Irish hospital consultant doctors are to get a pay increase following the settlement of their breach of contract claims against the Health Service Executive and the State
IRISH hospital consultant doctors are to get a pay increase following the settlement of their breach of contract claims against the Health Service Executive and the State.
At the High Court on Friday, Ms Justice Úna Ní Raifeartaigh was informed that several lead actions they brought over what the claimed was a failure by the State to comply with the terms the 2008 Consultants Contract had been settled in their entirety.
As part of the settlement, consultants will receive corrected remuneration as well as retrospective payment of remuneration.
It is understood the deal will cost the state €200m and will add €60m to the annual consultants pay bill.
In statements issued following the settlements both the Irish Medical Organisation, and the Irish Hospital Consultants Association welcomed the settlement.
The Judge was due to hear several lead cases in claims brought by hundreds of consultant doctors who alleged there was a breach of their contract in relation to agreed pay promises in the 2008 consultants' contract.
It is estimated that up to 700 breach of contract claims in total had been brought against the various defendants.
As part of the 2008 agreement consultant doctors accepted new working conditions from July 2008 onwards, including increasing their working week from 37 to 39 hours.
The consultant’s actions had been opposed by the State and the HSE.
On Friday John Rogers SC, who represented several of the 10 doctors taking the lead cases, said the cases centred on the State failure to pay remuneration due to the doctors as had been agreed as part of the 2008 Contract.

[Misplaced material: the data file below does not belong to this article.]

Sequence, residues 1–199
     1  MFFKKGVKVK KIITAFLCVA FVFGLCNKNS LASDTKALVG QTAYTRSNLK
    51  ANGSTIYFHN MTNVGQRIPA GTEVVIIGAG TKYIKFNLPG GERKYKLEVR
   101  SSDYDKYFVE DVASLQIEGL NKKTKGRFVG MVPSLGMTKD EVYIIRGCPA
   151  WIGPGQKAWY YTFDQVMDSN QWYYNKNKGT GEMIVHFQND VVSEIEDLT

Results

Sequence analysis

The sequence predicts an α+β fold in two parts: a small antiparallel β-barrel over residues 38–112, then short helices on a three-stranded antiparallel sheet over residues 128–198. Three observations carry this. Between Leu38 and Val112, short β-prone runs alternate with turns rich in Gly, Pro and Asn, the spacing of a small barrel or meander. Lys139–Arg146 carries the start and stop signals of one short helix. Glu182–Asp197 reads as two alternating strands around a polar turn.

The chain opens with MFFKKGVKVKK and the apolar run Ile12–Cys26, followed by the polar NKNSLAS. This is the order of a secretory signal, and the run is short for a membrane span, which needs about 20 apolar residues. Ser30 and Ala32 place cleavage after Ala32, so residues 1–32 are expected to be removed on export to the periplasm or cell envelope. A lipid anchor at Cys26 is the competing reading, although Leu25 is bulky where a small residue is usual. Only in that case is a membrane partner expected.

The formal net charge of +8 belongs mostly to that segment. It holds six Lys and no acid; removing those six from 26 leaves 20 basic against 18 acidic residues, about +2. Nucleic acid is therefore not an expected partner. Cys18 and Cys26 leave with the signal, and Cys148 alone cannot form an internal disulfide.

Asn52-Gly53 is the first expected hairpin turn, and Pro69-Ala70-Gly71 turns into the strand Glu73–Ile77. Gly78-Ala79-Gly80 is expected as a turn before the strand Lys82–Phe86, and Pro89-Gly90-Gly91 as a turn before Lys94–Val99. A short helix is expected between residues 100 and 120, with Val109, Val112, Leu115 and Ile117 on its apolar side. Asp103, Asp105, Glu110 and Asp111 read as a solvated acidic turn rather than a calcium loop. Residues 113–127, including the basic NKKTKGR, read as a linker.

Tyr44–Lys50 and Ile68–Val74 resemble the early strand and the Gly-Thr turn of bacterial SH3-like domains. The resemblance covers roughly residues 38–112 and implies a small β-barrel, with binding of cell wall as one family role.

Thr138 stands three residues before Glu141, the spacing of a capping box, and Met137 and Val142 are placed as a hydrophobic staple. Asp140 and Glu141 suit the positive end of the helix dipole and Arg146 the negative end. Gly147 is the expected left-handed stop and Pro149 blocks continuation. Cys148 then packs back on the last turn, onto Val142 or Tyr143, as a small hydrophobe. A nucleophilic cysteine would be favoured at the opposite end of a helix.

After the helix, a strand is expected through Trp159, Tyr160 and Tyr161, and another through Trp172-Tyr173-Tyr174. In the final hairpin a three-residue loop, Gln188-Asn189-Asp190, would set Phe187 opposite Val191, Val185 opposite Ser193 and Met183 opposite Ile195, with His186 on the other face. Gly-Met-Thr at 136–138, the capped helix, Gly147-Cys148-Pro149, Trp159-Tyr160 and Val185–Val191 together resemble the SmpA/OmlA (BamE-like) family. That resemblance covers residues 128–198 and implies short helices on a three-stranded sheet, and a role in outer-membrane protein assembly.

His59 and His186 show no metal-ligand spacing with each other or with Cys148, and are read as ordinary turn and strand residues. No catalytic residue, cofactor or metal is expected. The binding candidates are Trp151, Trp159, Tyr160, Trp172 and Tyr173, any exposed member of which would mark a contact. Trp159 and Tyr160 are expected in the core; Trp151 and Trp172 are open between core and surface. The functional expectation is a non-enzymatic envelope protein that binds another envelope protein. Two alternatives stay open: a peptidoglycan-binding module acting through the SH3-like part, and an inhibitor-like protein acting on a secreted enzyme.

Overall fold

Counsel said “the essence of the cases” was the State’s inability to pay the consultants following the financial crash.
Counsel said that following lengthy talks between the various parties an agreement had been reached to resolve the dispute.
The cases could be struck out on terms including that the doctors are to get declarations they are entitled to prospective and retrospective remuneration, their legal costs against the defendants.
The settlement counsel said will apply not only to the lead cases, but other consultants who cases are pending before the courts, and other non-litigating consultants who fall within the terms of the settlement.
Counsel said the 2008 agreement was “a visionary instrument” which resulted in consultants having a greater involvement in the running of the health services.
The settlement counsel said was “a new dawn” which will result in the vision and objectives of the 2008 agreement being “fully realised”.
Counsel thanked the Judge for granting the parties time to bring about a resolution of matters that applied to a great number of people.
He also acknowledged the role of parties including the IMO, ICHA, who he said had worked together on the cases, as well as the Department of Health the HSE and the Ministers for Finance and Health in bringing about the settlement.
The cases, which were due to start last week had been adjourned on several occasions to see if the claims could be resolved.
The cases, had they opened before the Judge, were expected to run for several weeks.
Ms Justice Ní Raifeartaigh welcomed the settlement of what was lengthy, complex and “clearly very urgent” litigation.
The judge then agreed to make the terms of settlement an order of the court.